The '80s were a wild and crazy time also filled with troubles, heartbreak and disappointment for Go-Go's bass player-guitarist Kathy Valentine, who covers many of those moments in her intriguing dual project that she discusses in this freewheeling interview.

Music

New Brain Trajectory: An Interview With Lee Ranaldo and Raül Refree

Two guitarists, Lee Ranaldo and Raül Refree make an album largely absent of guitar playing and enter into a bold new phase of their careers. "We want to take this wherever we can and be free of genre restraints," says Lee Ranaldo.

Books

'Trans Power' Is a Celebration of Radical Power and Beauty

Juno Roche's Trans Power discusses trans identity not as a passageway between one of two linear destinations, but as a destination of its own.

Music

Yves Tumor Soars With 'Heaven to a Tortured Mind'

On Heaven to a Tortured Mind, Yves Tumor relishes his shift to microphone caressing rock star. Here he steps out of his sonic chrysalis, dons some shiny black wings and soars.

Music

Mike Patton and Anthony Pateras' tētēma Don't Hit the Mark on 'Necroscape'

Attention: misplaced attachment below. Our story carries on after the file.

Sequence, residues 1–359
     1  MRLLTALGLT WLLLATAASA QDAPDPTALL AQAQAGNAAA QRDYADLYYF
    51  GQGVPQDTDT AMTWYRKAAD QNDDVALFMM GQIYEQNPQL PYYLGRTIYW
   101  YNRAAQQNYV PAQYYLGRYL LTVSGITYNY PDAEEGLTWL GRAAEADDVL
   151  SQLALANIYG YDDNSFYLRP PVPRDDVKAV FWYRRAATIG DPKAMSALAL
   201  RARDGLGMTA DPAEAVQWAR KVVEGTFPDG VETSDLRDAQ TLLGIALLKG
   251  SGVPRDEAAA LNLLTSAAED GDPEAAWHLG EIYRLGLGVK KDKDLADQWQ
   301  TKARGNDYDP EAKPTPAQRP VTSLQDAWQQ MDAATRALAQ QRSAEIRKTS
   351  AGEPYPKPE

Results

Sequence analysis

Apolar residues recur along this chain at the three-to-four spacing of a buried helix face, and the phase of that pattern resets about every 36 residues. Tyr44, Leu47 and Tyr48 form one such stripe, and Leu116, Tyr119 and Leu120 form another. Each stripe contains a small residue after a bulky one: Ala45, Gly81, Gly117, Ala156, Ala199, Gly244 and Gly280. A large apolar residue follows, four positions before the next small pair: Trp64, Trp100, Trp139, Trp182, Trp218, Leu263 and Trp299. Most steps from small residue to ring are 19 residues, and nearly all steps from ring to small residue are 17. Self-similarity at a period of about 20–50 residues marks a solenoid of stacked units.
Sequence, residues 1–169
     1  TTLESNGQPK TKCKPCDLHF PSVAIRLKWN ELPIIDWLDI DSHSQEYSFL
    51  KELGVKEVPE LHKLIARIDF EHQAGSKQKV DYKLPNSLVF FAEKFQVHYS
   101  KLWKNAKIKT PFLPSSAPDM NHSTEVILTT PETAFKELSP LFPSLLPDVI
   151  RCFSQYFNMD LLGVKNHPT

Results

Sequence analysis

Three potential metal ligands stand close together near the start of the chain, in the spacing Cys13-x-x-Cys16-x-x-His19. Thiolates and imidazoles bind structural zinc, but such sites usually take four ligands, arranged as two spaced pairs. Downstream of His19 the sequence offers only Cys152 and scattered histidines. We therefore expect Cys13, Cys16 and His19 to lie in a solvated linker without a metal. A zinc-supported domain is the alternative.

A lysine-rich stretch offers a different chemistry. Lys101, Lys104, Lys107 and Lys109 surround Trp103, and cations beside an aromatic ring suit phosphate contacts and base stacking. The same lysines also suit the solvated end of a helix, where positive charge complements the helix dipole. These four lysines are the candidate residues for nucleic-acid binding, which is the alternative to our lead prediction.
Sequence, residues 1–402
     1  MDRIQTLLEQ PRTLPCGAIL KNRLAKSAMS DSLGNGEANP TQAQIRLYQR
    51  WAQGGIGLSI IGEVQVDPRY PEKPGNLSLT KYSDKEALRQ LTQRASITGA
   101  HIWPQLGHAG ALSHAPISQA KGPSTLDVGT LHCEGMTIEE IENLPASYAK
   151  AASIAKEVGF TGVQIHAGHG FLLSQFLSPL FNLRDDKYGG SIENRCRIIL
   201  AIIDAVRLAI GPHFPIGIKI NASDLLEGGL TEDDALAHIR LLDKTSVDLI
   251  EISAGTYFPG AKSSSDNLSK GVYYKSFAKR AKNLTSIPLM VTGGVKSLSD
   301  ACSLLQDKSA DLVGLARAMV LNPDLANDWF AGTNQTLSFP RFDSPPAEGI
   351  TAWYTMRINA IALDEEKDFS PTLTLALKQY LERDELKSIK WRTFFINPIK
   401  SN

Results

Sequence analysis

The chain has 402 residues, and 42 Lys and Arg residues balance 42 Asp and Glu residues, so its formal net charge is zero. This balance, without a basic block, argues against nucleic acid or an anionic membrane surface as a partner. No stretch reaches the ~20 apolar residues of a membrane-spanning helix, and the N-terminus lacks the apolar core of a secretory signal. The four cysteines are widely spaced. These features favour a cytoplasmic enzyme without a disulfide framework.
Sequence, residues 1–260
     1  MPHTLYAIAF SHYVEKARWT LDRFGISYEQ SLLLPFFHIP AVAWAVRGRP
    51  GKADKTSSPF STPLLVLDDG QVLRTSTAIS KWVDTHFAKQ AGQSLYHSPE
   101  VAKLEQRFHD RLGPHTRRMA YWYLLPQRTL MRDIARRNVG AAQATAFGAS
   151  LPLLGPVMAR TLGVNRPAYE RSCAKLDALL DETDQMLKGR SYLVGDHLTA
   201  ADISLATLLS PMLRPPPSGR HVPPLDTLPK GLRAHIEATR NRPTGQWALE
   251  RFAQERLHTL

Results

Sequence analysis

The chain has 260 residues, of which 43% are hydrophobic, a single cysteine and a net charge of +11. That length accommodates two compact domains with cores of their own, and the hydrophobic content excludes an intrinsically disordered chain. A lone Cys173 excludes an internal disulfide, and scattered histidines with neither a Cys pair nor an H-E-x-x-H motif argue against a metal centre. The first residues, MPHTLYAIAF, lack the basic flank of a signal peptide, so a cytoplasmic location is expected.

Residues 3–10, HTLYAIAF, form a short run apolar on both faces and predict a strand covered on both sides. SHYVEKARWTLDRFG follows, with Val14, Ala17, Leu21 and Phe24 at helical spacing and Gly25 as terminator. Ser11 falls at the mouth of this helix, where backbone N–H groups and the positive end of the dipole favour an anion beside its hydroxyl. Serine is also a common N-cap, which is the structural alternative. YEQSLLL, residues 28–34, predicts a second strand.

tētēma's Necroscape has some highlights and some interesting ambiance, but ultimately it's a catalog of misses for Mike Patton and Anthony Pateras.

Music

M. Ward Offers Comforting Escapism on 'Migration Stories'

Although M. Ward didn't plan the songs on Migration Stories for this pandemic, they're still capable of acting as a balm in these dark hours.

Music

Parsonsfield Add Indie Pop to Their Folk on 'Happy Hour on the Floor'

Happy Hour on the Floor is a considerable departure from Parsonsfield's acclaimed rustic folk sound signaling their indie-pop orientation. Parsonsfield remind their audience to bestow gratitude and practice happiness: a truly welcomed exaltation.

Music

JARV IS... - "House Music All Night Long" (Singles Going Steady)